New York Festivals recruits the world’s most awe-inspiring, award-winning radio talent from around the globe to participate on NYF’s Radio Program Awards Grand Jury. This world class panel of recognizable voices and captivating programming producers are dedicated to judging and selecting the 2016 World’s Best Radio Programs℠.
In this Grand Jury Confidential, NYF catches up with Andrew Mark Sewell, 2016 Grand Jury member and producer/director of B7Media, United Kingdom. Andrew’s first love is radio drama and for over the last ten years, he has carved out a growing reputation for producing dramatic, widescreen audio stories, which sound lived-in, real and cinematic.
Andrew is an award-winning director whose name is synonymous with some of the most popular science fiction audio drama produced in the last decade, including the re-imagining of cult BBC television series Blake’s 7. Notable BBC Radio 4 dramas include Ray Bradbury’s The Martian Chronicles and Sumia Sukkar’s The Boy from Aleppo who Painted the War. Currently Sewell is directing the audio series Dan Dare, based on the popular Eagle comic strips. Mr. Sewell, a former BBC Executive, is also a talented independent filmmaker, his credits include: Mrs. Palfrey at the Claremont and Exit Thread.
In the interview below, Andrew shares his early career influences, his evolution in the radio industry, the defining moment in his career and much more.
New York Festivals: Who or what were your early influences in your career?
Andrew Mark Sewell: My influences were many and varied and in terms of radio it was the comedies my father introduced me to such as The Goon Show, Hancock’s Half Hour and in the early 80s The Hitch-Hikers Guide to the Galaxy. Latterly the audio dramas of Dirk Maggs (Superman, Batman, Neverwhere, Good Omens) had a marked effect on me and made me realize that in the world of audio anything was possible – and it could sound epic! In terms of storytelling, perhaps my greatest ‘single’ influence was television drama
writer/script editor, Tony Holland (EastEnders, Angels, District Nurse). Tony was one of the most intuitive storytellers I’ve ever had the privilege to know. He understood exactly what the audience wanted in terms of character, story and plot. He taught me so much, not just about writing ‘real’ and ‘lived in’ characters, but also the craft of telling compelling, dramatic stories that had meaning and resonance. As he was fond of saying; ‘People write the best stories…’ and it was certainly true that wherever we went he listened to our conversation with one ear, and eavesdropped with the other.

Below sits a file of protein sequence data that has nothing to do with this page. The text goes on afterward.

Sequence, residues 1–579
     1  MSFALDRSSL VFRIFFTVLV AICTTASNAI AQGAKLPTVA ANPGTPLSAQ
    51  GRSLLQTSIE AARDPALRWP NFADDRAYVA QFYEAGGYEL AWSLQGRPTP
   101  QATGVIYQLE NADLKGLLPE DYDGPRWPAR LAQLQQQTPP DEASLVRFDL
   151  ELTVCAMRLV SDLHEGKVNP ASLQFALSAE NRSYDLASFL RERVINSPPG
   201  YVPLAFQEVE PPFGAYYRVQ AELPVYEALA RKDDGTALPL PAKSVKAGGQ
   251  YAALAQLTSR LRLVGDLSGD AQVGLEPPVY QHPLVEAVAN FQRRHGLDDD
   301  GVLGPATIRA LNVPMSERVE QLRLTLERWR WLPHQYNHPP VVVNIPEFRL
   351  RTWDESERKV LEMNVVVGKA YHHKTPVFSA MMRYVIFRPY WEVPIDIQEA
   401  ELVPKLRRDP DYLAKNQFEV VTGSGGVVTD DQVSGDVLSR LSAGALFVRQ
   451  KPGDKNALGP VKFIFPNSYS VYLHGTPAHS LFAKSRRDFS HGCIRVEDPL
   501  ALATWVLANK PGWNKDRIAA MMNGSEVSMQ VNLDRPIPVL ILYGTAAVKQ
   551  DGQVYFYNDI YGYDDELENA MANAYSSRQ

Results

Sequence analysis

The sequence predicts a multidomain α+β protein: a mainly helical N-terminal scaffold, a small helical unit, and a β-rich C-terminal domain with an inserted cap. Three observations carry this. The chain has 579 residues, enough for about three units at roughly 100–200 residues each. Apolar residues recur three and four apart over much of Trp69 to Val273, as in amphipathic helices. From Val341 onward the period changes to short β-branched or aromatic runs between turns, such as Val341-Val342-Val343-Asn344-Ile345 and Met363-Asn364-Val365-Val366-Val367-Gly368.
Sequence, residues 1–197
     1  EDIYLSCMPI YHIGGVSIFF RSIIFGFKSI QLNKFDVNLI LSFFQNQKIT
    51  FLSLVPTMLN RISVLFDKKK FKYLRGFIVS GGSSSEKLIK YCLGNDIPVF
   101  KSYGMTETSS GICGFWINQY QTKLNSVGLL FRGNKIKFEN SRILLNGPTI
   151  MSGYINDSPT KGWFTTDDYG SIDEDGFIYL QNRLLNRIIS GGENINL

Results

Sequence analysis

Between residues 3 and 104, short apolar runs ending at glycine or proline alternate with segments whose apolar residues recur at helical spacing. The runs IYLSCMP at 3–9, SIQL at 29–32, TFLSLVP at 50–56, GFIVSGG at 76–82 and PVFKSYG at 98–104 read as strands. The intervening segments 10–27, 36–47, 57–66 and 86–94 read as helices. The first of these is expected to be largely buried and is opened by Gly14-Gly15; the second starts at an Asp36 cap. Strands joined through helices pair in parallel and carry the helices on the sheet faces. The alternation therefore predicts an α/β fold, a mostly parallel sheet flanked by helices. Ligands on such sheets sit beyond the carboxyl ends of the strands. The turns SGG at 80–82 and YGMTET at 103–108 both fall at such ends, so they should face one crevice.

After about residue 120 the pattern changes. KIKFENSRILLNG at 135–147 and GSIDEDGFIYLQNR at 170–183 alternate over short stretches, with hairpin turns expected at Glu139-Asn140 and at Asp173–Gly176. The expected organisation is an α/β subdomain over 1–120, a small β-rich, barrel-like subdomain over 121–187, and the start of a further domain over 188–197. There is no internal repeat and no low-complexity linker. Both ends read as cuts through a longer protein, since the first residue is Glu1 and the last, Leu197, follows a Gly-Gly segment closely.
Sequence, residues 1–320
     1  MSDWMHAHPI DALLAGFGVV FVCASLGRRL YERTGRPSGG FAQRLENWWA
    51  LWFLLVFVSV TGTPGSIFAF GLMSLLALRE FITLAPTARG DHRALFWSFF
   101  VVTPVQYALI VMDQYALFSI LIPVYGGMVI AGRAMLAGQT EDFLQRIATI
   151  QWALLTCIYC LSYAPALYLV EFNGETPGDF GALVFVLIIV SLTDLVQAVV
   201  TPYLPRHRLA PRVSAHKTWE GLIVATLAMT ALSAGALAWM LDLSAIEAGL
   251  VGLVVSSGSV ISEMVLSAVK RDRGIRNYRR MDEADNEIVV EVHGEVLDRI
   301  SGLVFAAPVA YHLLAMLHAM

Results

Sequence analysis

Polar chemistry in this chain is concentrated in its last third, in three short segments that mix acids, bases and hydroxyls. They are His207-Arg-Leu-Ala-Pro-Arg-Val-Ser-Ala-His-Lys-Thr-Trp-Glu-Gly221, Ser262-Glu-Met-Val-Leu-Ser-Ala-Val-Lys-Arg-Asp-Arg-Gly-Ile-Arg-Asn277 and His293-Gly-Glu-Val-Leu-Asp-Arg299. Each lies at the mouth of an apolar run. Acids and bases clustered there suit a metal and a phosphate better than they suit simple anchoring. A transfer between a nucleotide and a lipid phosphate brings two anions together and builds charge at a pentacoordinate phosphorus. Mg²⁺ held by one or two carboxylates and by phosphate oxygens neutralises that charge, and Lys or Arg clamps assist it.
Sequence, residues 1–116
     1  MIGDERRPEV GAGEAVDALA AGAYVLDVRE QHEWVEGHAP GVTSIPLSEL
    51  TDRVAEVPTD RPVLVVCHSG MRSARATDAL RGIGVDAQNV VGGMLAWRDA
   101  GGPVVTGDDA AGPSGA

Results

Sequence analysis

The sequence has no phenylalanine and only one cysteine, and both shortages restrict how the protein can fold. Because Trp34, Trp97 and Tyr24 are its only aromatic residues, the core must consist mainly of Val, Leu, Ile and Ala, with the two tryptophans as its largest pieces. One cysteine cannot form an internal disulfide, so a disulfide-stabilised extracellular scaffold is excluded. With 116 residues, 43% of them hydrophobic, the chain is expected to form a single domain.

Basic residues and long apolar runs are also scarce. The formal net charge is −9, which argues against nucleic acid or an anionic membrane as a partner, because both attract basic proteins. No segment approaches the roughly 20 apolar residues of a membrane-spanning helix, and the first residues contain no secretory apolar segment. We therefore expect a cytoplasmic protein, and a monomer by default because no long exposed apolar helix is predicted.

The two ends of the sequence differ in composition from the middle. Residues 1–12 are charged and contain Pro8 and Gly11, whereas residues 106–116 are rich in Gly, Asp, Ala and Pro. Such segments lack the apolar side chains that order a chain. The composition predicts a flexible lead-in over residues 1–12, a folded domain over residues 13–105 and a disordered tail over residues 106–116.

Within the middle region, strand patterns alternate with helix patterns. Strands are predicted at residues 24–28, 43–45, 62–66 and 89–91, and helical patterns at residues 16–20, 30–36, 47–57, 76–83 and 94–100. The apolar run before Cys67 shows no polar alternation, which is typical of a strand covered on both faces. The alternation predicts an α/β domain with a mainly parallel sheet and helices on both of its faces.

New York Festivals: What’s the most important thing you learned from your first job?
Andrew Mark Sewell: That realizing a production isn’t one person’s vision alone. It’s a real team effort.
New York Festivals: What were some early leadership lessons for you?
Andrew Mark Sewell: Very early on I clocked that I had a knack for inspiring people to get behind a project. Passion and the ability to express that passion has always been key to driving any of our projects forward.
New York Festivals: What qualities are the most important to have?
Andrew Mark Sewell: Good motivational skills, compassion and being an inventive problem solver.
New York Festivals: Tell us a bit about your evolution in the radio industry?
Andrew Mark Sewell: My first love has always been radio drama, but it was only in the last decade that I made a concerted effort to drive forward my ambitions in this medium. The first opportunity to direct in radio came about almost by accident. I was meant to be producing a SF series, Blake’s 7, when the Director had to drop out due to a clash of commitments. We were left with the choice of either delaying the production or forging ahead with me taking over the Director duties. The rest as they say is history and since then I’ve managed to carve out a growing reputation for producing dramatic, widescreen audio stories, which sound lived-in, real and cinematic.
New York Festivals: What was a defining moment in your career?
Andrew Mark Sewell: Winning Silver ‘Best Drama Special’ for our dramatisation of Ray Bradbury’s The Martian Chronicles was certainly a highlight. In terms of film I’m very proud to have produced Dan Ireland’s critically acclaimed dramatisation of Mrs Palfrey at the Claremont.
New York Festivals: Will you share how the culture of your company encourages creativity?
Andrew Mark Sewell: The guiding principle that drives all our projects is that each and every drama will rise or fall on the strength of the script. Writers’ are the life-blood of our company (and the industry) and we’ve been fortunate enough to collaborate with some of the best. But it’s also more fundamental than that, the art of any successful production is building a solid team around you that will stand the test of time.
New York Festivals: What’s your favorite radio program that you created?
New York Festivals: What are the hallmarks of award-winning radio programs?
Andrew Mark Sewell: That’s a tricky one to answer, but I guess the most important thing is to stay true to the story you want to tell, trust your instincts and be clear about your intended audience. But most of all – have fun!